California Gov. Jerry Brown signed a law on Saturday requiring entertainment websites like IMDB to remove an actor’s age or birthdate upon request. The purpose of the statute is to prevent age discrimination in casting—a noble goal made even more appealing politically by a very expensive Screen Actors Guild lobbying campaign. One small problem, though: The law is obviously, blatantly, indeed almost comically unconstitutional.
Where to begin? Well, the measure, called AB1687, is, on its face, a suppression of speech. Entertainment websites designed to present information to both professionals and the general public are now subject to a very specific gag order: If a subscriber demands that the website remove his or her age, the site is legally required to comply. (The law applies to all entertainment professionals but is designed to shield actors in particular from discrimination.) That is called censorship, and the Free Speech Clause of the First Amendment generally prohibits it.
California claims that AB1687 doesn’t run afoul of the First Amendment because, as Majority Leader Ian Calderon told the Hollywood Reporter, it’s merely “a regulation of commercial speech.” Commercial speech is expression used to sell or promote a product for profit, and it does indeed receive lesser, though still fairly robust, First Amendment protections. Calderon believes AB1687’s restrictions can be rounded down to “commercial speech” because only subscribers to an entertainment website can demand the removal of their age or birthdate.
But Calderon is wrong: The speech that AB1687 suppresses is not exclusively commercial. IMDB (and similar websites) may be linked to commerce—subscribers use them for casting purposes—but that doesn’t automatically render their speech “commercial,” as Calderon asserts. At bottom, IMDB remains an information database, open to both industry professionals and the public at large, designed not only to sell a service but also to gather and convey facts. And information databases, from encyclopedias to search engines, receive full First Amendment protections—not the diminished protections provided to commercial expression.
AB1687, then, isn’t subject to the judicial test governing commercial speech. Rather, it’s subject to strict scrutiny, because it restricts truthful, noncommercial information by functioning as a classic content-based regulation of expression—targeting speech based on its “communicative content” (that is, an individual’s age). Thus, AB1687 must be “narrowly tailored to serve compelling state interests.” Preventing age discrimination is surely a compelling state interest—but is AB1687 really “narrowly tailored” for that purpose? One rule of narrow tailoring is that a regulation of speech may be neither too broad nor too narrow. If a law is too broad (or “overinclusive”), it sweeps in more speech than necessary to promote the compelling interest; if it’s too narrow (or “underinclusive”), it doesn’t sufficiently advance that interest, because it leaves equally problematic speech untouched.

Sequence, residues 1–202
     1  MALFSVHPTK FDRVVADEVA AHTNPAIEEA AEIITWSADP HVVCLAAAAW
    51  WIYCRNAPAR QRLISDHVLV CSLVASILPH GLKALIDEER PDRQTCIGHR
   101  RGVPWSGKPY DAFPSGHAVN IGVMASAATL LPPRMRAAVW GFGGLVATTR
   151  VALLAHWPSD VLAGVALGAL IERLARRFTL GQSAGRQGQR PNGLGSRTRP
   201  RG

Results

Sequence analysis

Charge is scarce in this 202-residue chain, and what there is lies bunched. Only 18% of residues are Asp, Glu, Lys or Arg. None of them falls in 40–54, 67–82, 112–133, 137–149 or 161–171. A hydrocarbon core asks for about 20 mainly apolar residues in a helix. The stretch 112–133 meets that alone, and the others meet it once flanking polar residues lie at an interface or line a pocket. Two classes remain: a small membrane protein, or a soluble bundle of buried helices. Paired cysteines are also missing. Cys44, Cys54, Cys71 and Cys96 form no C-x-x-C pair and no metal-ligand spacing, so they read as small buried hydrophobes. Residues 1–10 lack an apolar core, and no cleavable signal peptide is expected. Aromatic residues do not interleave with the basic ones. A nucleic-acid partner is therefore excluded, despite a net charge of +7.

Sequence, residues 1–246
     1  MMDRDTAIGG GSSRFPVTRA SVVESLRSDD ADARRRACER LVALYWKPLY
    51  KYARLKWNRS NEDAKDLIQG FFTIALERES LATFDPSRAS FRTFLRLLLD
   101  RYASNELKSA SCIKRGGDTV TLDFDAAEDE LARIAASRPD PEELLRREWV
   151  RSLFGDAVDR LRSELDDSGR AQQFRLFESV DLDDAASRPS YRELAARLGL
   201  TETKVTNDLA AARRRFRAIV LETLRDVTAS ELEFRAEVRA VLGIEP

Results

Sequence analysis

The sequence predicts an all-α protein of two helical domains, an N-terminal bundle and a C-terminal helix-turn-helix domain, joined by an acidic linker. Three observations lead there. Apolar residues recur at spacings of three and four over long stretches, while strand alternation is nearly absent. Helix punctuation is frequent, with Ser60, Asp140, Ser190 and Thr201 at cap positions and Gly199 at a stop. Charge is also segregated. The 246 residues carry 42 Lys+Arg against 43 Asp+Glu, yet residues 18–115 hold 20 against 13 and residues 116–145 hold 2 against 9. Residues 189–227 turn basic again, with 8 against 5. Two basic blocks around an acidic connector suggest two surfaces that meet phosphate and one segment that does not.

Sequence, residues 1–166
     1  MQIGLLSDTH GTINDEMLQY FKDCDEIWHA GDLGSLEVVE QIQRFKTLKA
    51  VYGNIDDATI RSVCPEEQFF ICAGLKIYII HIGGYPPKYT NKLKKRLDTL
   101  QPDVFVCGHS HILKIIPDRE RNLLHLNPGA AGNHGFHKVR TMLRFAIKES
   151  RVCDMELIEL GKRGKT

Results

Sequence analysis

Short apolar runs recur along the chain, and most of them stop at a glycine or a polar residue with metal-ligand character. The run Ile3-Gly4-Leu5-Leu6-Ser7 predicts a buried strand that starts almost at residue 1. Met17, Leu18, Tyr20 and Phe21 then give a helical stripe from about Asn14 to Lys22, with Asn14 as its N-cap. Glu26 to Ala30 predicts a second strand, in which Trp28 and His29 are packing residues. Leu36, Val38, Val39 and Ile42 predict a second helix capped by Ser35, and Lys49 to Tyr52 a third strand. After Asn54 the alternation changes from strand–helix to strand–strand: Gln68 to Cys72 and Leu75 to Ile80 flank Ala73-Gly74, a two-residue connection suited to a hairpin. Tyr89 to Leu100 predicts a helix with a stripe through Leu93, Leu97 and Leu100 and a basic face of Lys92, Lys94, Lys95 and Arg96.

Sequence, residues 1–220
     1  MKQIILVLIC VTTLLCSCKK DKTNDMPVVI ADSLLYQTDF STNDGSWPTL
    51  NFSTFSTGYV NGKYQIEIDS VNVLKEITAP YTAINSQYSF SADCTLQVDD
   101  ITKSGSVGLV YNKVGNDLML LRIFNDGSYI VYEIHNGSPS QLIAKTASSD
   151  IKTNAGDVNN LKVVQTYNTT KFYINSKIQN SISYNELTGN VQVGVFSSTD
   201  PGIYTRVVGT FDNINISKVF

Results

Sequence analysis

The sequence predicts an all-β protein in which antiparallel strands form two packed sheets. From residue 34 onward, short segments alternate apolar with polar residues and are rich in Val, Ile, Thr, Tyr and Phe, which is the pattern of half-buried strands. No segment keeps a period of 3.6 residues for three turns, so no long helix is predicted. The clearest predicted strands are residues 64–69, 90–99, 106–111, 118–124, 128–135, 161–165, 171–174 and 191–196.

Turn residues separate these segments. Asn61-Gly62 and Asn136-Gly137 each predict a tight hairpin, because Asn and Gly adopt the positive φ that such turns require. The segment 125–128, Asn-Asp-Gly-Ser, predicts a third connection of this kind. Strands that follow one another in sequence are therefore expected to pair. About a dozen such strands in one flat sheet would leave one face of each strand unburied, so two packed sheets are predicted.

California’s new law is a textbook example of a fatally underinclusive speech regulation. AB1687 applies only to any “commercial online entertainment employment service,” which the bill defines broadly. But it leaves out the myriad other mediums that could convey an entertainment professional’s age, from a gossip column to a blog post to Wikipedia. As the Supreme Court explained in 2011, this kind of underinclusiveness “raises serious doubts about whether the government is in fact pursuing the interest it invokes, rather than disfavoring a particular speaker or viewpoint.” With AB1687, California looks to be specifically targeting IMDB and its ilk for daring to provide (truthful) information about age—not seriously striving to scrub entertainment professionals’ age from the public record.
Underinclusiveness is enough to defeat a content-based speech restriction, and that is likely what will defeat AB1687. We shouldn’t mourn its inevitable downfall. As web freedom lobbyist Michael Beckerman has explained, AB1687 is not just unconstitutional: It is dangerous, an embodiment of the idea that the government can promote equality by simply suppressing expression, rather than addressing the root causes of discrimination. “Availability of information does not cause discrimination,” Beckerman wrote; “human bias does.” That’s exactly right. From stringent enforcement of existing law to stiff penalties for wrongdoers, California has plenty of tools at hand to curb age discrimination in the entertainment industry. Censorship is not one of them.